Although, it appears that I’m trying to figure this mom thing out on my own by creating schedules and getting together with others, I must reiterate the need for spending time in prayer and the Word. Ultimately, our peace and strength comes from the Lord; and try as we might, to do it all on our own, we’ll only end up exhausted, bitter, and feeling like utter failures if we don’t rest in His presence daily. So, let’s take a lesson from David, when we’re feeling overwhelmed, and seek refuge in the shadow of the most high.

Hear my cry, O God, listen to my prayer; from the end of the earth I call to You when my heart is overwhelmed and weak. Lead me to the rock that is higher than I [a rock that is too high to reach without Your help]. For you have been a shelter and a refuge for me, a strong tower against the enemy. Let me dwell in Your tent forever! Let me take refuge in the shelter of Your wings! Selah ~ Psalm 61:1-4, AMP

Book Review – Missional Motherhood: The Everyday Ministry of Motherhood in the Grand Plan of God

For my birthday last year my husband gave me “Missional Motherhood,” by Gloria Furman. Only a month post-partum at the time, I didn’t have much time to read it.  While I slowly made my way through the first half, I was able to read the second half, much quicker (after limiting my television time and using the time that baby girl was asleep, more efficiently).

20180115_121151.jpgWhen my husband brought this home for me, I was excited to read it. I’d worked in the Christian bookstore during my first trimester and saw this book on the shelf. It definitely piqued my interest. Little did I know that this book isn’t only for mothers, but all women who mother or nurture others.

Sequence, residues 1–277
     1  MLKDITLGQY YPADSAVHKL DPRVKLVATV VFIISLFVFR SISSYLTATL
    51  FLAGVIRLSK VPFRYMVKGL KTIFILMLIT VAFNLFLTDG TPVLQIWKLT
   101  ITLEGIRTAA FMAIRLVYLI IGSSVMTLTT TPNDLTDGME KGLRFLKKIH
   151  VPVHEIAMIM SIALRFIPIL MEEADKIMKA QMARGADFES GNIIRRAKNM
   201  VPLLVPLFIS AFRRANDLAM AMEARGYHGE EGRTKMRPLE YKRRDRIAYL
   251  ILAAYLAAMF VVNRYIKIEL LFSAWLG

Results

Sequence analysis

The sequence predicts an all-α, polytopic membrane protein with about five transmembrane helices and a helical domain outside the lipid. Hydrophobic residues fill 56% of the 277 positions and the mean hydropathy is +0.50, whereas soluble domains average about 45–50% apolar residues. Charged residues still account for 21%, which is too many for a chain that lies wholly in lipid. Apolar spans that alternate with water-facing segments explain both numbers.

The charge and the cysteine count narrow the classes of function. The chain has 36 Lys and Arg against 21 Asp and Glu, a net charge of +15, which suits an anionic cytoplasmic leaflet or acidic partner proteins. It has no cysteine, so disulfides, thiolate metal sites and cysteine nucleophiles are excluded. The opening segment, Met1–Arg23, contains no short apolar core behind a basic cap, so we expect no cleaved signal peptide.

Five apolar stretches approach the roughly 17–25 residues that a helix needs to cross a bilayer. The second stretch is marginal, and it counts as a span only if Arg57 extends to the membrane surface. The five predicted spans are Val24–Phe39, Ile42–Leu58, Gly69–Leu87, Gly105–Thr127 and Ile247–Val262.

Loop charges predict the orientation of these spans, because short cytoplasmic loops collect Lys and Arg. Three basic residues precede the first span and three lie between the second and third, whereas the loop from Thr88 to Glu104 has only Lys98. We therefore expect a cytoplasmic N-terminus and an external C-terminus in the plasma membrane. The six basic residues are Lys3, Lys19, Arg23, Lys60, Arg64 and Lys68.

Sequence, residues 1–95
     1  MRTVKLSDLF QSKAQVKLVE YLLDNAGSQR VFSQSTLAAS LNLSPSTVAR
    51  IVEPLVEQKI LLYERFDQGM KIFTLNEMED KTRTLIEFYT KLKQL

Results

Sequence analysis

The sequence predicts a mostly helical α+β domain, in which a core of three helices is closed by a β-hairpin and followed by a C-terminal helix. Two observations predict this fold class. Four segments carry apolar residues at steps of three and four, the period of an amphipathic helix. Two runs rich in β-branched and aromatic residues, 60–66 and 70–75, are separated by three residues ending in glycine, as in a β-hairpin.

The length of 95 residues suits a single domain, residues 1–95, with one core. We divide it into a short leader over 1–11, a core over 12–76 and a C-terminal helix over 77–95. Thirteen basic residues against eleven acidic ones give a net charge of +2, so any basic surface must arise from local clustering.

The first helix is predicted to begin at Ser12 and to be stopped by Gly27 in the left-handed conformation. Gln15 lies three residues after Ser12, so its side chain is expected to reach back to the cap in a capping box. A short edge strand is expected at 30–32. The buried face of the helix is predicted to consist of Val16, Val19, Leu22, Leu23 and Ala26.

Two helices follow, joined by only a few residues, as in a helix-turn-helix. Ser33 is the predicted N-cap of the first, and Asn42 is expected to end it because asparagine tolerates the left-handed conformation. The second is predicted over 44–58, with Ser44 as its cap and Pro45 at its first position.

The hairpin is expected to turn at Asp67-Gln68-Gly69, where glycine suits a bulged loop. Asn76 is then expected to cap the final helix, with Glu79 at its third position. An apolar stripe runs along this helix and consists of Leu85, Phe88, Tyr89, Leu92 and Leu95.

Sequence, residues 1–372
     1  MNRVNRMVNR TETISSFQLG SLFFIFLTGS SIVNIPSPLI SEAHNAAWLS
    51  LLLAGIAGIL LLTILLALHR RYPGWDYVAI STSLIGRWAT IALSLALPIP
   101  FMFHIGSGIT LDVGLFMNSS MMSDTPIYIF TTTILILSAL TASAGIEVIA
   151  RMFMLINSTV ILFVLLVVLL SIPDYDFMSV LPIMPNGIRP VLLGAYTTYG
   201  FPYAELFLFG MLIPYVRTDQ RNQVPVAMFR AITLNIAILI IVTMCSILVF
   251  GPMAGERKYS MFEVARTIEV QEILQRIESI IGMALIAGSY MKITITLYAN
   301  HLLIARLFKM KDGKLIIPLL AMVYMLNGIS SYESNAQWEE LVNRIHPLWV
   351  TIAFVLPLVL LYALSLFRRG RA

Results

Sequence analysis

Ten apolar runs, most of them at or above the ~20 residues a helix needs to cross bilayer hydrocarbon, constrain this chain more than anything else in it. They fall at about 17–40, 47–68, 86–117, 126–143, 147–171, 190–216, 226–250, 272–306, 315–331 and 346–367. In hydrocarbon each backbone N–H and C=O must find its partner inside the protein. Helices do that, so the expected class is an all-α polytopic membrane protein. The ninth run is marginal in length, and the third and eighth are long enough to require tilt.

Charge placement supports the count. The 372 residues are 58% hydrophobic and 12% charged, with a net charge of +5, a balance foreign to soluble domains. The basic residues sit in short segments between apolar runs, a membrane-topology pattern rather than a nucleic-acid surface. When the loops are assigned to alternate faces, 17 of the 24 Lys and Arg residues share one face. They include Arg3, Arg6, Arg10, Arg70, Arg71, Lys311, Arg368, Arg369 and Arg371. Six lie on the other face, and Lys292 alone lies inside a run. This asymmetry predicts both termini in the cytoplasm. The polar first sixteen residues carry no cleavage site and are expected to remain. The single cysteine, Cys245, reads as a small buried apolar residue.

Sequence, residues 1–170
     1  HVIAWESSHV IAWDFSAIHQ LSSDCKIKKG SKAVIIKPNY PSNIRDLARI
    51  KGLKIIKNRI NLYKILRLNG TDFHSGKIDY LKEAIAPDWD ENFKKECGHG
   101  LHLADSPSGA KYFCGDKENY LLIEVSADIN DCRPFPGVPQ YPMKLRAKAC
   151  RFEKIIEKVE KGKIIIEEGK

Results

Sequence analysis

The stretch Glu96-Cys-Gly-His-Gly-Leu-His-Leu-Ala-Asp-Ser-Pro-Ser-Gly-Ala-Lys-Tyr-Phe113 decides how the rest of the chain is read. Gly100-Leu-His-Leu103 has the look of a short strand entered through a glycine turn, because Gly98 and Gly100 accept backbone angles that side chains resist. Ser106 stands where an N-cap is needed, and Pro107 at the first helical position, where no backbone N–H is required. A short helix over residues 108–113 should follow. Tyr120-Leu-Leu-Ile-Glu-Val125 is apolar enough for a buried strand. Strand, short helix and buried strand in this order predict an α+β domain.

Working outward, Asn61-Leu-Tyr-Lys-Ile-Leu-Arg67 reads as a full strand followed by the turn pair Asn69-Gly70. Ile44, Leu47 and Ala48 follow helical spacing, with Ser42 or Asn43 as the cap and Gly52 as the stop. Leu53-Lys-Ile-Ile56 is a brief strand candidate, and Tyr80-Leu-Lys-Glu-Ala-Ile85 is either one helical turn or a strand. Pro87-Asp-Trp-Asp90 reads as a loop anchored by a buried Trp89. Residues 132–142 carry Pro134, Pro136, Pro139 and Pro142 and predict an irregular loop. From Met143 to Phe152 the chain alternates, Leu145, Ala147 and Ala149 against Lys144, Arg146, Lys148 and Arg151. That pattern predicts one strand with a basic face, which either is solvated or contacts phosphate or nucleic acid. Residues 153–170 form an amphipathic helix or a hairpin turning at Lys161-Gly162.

“Mothering is a calling for all women. Every Christian woman is called to the spiritual motherhood of making disciples of all nations,” states Furman. She states that nurturing, or mothering, involves discipling, serving, caregiving, teaching, showing hospitality, and more. I’d never thought of discipling young women in this manner before, but it makes sense. Whenever I’ve taken young women under my wing, I have, in a sense, felt as though I were mothering them.

The first half of Furman’s book talks about the Old Testament of the bible, where motherhood fits into the grand plan of God, and our most important need for a right relationship with God. The second half of the book describes Christ as the Creator, Redeemer, and resurrection life of motherhood; and as every mother’s Prophet, Priest, and King. There is so much truth to unravel in this book that I will probably be writing more posts based on it in the coming weeks.

I highly encourage all of my women readers to pick up a copy of this book for yourselves. God designed us to serve Him in a intentional way, to glorify Him, and make disciples…so, what are we waiting for?

Sister, we have died, and our lives are hidden with Christ in God. We are not our own. Our children are not our own. Our homes are not our own. Our stuff is not our own. Nothing is our own. It’s all his and for his glory. And that’s the incredible reality we get to wake up to every day. Let’s help each other remember! ~ (Missional Motherhood, p. 185)